Agents sell reverse mortgages to seniors who need money to meet their living expenses. When the senior dies without paying the reverse mortgage, the heirs generally have between one and six months to turn the home over to the mortgage company or pay off the loan balance. If you have inherited a house with a reverse mortgage, you may encounter several problems.
If you are the spouse who is a co-borrower on the loan, then you can remain in the home and receive the payments. If you are not a co-borrower, you may still be able to live in the house if you can get declared an Eligible Non-Borrowing Spouse by the U.S. Department of Housing and Urban Development (HUD).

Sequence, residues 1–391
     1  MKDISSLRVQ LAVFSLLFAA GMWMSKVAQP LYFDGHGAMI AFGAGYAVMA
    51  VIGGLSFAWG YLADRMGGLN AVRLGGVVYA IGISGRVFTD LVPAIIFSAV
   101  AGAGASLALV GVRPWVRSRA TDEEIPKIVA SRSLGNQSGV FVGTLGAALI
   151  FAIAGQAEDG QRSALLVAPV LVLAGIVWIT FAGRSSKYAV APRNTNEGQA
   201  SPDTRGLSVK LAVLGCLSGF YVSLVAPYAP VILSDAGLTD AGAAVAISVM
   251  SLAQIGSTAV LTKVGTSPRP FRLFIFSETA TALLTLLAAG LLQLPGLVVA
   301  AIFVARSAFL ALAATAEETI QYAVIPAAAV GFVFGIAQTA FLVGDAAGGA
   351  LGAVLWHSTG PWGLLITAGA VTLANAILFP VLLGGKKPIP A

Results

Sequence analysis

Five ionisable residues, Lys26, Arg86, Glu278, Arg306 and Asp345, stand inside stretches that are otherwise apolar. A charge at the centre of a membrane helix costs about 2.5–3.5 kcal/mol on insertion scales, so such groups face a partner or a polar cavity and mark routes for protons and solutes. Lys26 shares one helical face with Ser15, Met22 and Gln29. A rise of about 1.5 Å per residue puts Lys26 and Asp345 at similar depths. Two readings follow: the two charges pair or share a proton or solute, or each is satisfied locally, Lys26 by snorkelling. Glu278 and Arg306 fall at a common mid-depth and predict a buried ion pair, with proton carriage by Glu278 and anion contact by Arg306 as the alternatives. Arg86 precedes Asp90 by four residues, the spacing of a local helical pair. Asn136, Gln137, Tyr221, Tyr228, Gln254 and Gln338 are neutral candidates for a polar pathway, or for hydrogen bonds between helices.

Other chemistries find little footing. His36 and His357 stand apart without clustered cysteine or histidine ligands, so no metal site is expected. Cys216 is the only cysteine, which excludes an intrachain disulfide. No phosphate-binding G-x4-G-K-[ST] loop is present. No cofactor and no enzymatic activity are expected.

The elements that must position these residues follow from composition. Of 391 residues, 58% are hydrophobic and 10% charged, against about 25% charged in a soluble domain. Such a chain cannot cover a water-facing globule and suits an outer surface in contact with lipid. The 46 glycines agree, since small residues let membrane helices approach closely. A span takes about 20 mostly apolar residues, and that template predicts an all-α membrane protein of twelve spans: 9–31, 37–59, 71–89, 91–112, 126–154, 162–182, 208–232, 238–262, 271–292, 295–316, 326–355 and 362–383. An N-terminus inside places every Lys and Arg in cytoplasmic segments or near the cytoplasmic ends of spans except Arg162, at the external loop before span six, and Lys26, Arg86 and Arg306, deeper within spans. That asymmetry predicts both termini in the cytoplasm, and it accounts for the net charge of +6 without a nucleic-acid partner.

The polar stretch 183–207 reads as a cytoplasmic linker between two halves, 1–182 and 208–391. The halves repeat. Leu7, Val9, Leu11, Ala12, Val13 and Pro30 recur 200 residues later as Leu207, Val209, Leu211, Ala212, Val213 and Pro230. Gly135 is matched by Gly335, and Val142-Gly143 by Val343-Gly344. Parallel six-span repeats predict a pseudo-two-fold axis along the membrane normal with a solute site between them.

Heirs who want to keep the home
If you are not the spouse but want to keep the home, you must repay some of the money. The law says you must either pay off the loan or pay 55% of the home’s appraised value, whichever is less. Sometimes, the heirs can take out a traditional mortgage to fulfill their obligations.
Inheriting a home and selling it
Often seniors cannot keep their homes up. Therefore, the house may sell for less than the amount owed to the reverse-mortgage company on it. In that case, the Federal Housing Authority pays the difference to the company, but the person inheriting the home walks away with nothing.
Disputes with family members
While the simple solution is often to sell the home, this can be a problem if there are multiple heirs. If the heirs can’t agree on what happens to the home probate proceedings can become complex, lengthy and expensive.
Reverse mortgages can be problematic for heirs who are not spouses because they must pay off the loan or surrender the property.